Many large retail chains have what they call an “open door” policy, encouraging their “associates” to bring issues or complaints to the attention of management. Some employees of these companies, like Wal-Mart and Home Depot say the “open door” policy at these companies means “open your mouth, and you’re out the door.” In Home Depot’s case, the company has a “No Retaliation” policy that says employees who come forward with complaints or concerns will not be punished in any way. But that’s what happened to Bruce Holt, a Home Depot employee who the company moved from New Jersey to Connecticut around Christmas of 1998, to have Holt open a new lumber distribution center in Bloomfield, Connecticut. Shortly after his move, Holt ran afoul of the Regional Distribution manager, who supervised his work. He and his supervisor differed over policy at the new warehouse, and roughly 7 months after his transfer, Holt decided to test the “open door” policy, and took his problem to a higher level. A few days after raising his issues, Holt was fired. Holt sued, claiming that Home Depot terminated him in violation of its No Retaliation policy. According to his attorneys, Livingston, Adler, Pulda, Meiklejobhn & Kelly, when the case went to trial in federal court, Home Depot defended its actions by saying that it was free to fire Holt — regardless of the No Retaliation policy — because Holt was an “employee at will”. The jury however ruled against Home Depot, finding that the company was obligated to abide by its No Retaliation rule. “Home Depot argued that they had their fingers crossed behind their backs when they promised that there would be no retaliation,” said Holt’s attornies. “I am not surprised that the jury rejected that argument. If a company like Home Depot promises its employees that they can come forward with their concerns without fear of retaliation, they should have to live up to that promise.”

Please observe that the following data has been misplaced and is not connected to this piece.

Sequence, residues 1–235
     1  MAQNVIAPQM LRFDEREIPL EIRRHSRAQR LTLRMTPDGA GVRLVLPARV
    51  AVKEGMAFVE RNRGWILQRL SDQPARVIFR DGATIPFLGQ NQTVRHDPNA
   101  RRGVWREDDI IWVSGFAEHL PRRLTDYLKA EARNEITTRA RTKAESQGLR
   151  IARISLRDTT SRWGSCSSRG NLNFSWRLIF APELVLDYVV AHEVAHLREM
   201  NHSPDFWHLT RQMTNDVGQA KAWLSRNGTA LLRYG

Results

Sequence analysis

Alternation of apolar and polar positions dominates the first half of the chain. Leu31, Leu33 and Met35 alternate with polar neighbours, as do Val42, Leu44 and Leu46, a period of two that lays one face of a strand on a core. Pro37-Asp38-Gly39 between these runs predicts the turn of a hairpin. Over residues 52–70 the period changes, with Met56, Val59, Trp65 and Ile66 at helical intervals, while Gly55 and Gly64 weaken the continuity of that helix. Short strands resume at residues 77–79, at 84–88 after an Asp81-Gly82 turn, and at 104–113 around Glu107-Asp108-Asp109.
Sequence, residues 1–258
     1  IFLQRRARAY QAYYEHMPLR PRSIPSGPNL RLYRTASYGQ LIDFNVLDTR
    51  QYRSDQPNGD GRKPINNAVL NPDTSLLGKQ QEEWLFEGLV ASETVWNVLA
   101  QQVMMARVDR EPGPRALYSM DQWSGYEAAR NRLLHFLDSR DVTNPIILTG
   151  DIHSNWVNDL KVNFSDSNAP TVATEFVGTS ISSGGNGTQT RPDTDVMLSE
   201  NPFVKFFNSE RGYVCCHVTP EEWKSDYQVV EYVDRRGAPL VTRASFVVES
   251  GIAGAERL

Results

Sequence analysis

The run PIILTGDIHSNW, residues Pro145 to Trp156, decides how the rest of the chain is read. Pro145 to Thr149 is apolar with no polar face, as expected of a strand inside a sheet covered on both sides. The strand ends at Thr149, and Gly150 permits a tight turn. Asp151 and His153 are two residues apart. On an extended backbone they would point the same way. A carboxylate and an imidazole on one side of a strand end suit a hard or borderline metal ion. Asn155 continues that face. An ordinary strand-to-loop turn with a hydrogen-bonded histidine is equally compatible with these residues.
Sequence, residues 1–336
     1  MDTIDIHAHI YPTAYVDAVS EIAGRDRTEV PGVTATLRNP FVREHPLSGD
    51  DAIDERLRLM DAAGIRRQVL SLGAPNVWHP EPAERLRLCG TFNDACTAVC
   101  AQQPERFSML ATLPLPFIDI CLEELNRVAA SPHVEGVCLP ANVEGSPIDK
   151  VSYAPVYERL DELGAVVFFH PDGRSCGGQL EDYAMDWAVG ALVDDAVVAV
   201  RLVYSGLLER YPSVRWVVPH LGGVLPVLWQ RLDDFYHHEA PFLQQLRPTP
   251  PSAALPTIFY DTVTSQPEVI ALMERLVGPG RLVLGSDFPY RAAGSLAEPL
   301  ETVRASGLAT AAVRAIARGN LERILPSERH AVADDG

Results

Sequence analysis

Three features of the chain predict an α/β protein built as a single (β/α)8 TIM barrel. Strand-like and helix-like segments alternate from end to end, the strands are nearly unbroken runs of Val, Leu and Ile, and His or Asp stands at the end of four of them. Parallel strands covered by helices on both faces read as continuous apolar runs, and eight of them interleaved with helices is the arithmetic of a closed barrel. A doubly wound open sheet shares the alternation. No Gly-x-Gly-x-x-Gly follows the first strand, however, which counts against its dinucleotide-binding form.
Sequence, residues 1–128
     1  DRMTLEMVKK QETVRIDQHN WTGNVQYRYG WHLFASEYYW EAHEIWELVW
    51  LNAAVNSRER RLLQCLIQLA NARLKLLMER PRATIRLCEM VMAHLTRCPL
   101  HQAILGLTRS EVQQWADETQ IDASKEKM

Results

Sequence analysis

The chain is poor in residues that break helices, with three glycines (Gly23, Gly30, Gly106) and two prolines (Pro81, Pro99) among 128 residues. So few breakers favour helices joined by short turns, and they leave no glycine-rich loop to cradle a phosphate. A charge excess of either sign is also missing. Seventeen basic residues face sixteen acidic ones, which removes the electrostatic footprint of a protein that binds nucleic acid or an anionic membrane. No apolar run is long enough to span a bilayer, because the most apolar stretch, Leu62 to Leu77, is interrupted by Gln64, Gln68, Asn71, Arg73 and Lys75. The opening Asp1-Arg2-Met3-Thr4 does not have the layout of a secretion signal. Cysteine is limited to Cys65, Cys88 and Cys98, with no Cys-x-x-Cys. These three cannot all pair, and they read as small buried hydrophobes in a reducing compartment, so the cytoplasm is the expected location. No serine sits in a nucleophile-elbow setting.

It only took Bruce Holt four years to get his day in court. Home Depot’s open door policy says: “Even with open communication, your immediate supervisor may not be able to solve all your concerns or problems. Home Depot cares about these concerns. If your Department Supervisor or Assistant Manager cannot help you, the problem should be taken next to the Store Manager, District Manager, Divisional Vice President, and finally, to the Divisional President. Keep in mind, that your Human Resource Manager is available to help you with any problems. Because we care about your concerns, no retaliation is ever taken for using the Open Door Policy.” For further information about this case, contact Atty. Henry Murray at 860-874-8657.